I am not free while any woman is unfree, even when her shackles are very different from my own. And I am not free as long as one person of Color remains chained. Nor is any one of you. – Audre Lorde
A FEW YEARS ago, I heard Angela Davis speak about having gone to Palestine as part of a delegation of U.S. feminists of color. She described visiting the Occupied Territories, and passing through checkpoint after checkpoint, barbwire topped fence after fence. After a while, she said, she couldn’t tell if she was inside the walls or outside them, whether she was inside the cage looking out or outside the cage looking in. She described the experience of imprisonment in a related fashion – saying that it was the experience of being incarcerated – watched, monitored and regulated by others all day long – that made concrete for her the surveillance society outside the prison-industrial complex, which watches, monitors and regulates us all. The cameras and cages may be (at times) less visible, but they are no less real.
In a sense, this is what the Purvi Patel case has done for me. The recent sentencing of Patel, a 33 year-old Indiana resident, to twenty years imprisonment under a feticide law, has reminded me that we all, as women, are at risk of having our reproductive and other liberties snatched away at any given moment. Although the Indiana feticide legislation, like others of its kind, was designed to prosecute violent crimes against pregnant women by others, its implementation against Patel opens a terrifying floodgate of future similar prosecutions of women for having abortions, miscarriages, using drugs or otherwise being seen to ‘harm’ their pregnancies.
The facts are these: in August 2013, Purvi Patel sought medical attention in a Mishawaka, Indiana emergency room for excessive vaginal bleeding. She eventually revealed to the medical team that she had miscarried, and disposed of the fetus in a dumpster. The fetus was in fact later discovered there by authorities. At the crux of the legal case was the issue of whether Patel had miscarried or self-aborted, whether she had delivered a live baby or a nonliving fetus, and whether her pregnancy was even far enough along to deliver a viable live child. Ultimately, even though a toxicologist testified there was no trace of such drugs in her bloodstream or the fetus, the prosecution successfully made the case that Patel self-induced the abortion with illegal drugs obtained online from Hong Kong. In addition, their argument hinged on the notion that she had delivered a live baby which she had then killed, or at least allowed to die. The image of the baby thrown away, left to die in a dumpster, was a damning part of the prosecution’s narrative. Another key aspect of the prosecution’s case was proving that Patel’s stage of pregnancy was far enough along to be viable, 25 to 30 weeks. In order to do this, they used an antiquated examination called the “lung float test.” In the words of Emily Bazelon in The New York Times Magazine,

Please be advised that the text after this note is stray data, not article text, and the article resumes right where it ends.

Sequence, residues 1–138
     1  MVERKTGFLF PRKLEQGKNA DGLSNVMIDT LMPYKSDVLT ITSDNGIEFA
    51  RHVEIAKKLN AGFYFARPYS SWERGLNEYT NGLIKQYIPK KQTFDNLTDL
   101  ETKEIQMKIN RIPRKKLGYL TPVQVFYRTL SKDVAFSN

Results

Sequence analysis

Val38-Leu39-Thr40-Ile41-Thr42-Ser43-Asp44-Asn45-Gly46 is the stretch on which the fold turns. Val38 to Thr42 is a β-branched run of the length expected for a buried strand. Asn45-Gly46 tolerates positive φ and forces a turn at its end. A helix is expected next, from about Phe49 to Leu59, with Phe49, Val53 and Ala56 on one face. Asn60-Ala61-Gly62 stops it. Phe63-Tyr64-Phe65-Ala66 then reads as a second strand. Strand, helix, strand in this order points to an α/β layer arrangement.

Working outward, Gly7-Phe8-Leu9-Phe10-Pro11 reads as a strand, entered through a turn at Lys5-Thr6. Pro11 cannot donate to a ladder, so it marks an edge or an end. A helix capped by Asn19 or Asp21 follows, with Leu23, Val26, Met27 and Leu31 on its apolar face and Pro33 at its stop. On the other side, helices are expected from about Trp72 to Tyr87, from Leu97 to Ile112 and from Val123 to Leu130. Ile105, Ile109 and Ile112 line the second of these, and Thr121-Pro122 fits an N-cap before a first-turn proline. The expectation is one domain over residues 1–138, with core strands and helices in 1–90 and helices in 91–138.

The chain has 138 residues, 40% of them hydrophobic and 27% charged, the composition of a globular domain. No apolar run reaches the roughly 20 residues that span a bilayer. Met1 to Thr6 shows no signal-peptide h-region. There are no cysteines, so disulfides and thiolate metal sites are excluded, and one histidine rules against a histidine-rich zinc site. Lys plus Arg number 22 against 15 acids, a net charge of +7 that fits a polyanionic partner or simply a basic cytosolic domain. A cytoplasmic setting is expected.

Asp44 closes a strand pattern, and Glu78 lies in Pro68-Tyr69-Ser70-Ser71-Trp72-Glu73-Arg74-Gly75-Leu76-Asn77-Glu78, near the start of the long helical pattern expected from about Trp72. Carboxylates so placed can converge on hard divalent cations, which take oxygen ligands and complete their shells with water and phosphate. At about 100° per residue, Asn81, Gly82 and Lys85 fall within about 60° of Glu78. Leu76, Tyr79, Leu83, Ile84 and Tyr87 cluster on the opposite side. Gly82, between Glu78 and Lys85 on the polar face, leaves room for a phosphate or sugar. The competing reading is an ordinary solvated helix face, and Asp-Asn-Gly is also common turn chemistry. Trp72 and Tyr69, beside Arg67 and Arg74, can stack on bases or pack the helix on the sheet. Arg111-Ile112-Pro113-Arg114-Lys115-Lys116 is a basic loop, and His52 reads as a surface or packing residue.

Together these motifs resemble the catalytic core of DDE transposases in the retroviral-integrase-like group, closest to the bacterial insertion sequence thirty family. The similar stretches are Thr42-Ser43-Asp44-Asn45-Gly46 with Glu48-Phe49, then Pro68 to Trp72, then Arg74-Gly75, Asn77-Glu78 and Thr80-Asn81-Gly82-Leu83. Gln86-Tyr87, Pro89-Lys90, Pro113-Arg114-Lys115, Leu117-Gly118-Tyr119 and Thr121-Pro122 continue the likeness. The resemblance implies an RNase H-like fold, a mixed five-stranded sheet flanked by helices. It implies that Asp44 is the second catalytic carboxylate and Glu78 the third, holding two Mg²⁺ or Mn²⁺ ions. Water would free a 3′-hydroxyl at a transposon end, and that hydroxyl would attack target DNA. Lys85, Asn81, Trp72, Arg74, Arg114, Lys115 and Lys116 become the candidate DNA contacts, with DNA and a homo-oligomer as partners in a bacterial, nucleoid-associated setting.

The idea behind the test – which dates from the 17th century – is that if the lungs float in water, the baby took at least one breath. If they sink, then the fetus died before leaving the womb… If that sounds like the old test for witchcraft – if an accused witch floated, she was judged guilty; if she sank, she was innocent – it’s also about as old and nearly as discredited.
With such untrustworthy evidence, the prosecution was able to convict Patel of not only feticide, but neglect of a dependent– two seemingly contradictory crimes.
Alongside the Religious Freedom Restoration Act, the Patel case signals a new era of reproductive injustices to come – in which women may fear seeking needed medical attention lest they be arrested, tried, and convinced to shockingly long sentences like Patel. Although the Purvi Patel case has been discussed extensively for its reproductive justice implications in the domestic and foreign press alike, what has been less prominent is a critical discussion of how Patel’s ethnic background impacts and frames this case. The fact that Patel is of Indian origin, a brown woman in the heart of the American Midwest, a South Asian face in the era of post 9-11racial profiling, is in fact critically important in this narrative of criminalized reproduction. It’s hard to ignore the fact that both Patel and the only other woman prosecuted under Indiana’s feticide law, Chinese immigrant Bei-Bei Shuai, were non-white. Women’s studies scholar Ashwini Tambe has written about the Patel and Shuai cases in the context of conservative U.S. perceptions of India and China as places with a disregard for human life, where forced sterilization and one-child policies are de-rigueur. In her words, “China and India serve as poster children in global evangelical crusades against abortion.” In addition to this context, it is critical to understand Patel’s prosecution as a woman of color in the U.S., which highlights what Angela Davis said so clearly about the prison-industrial complex,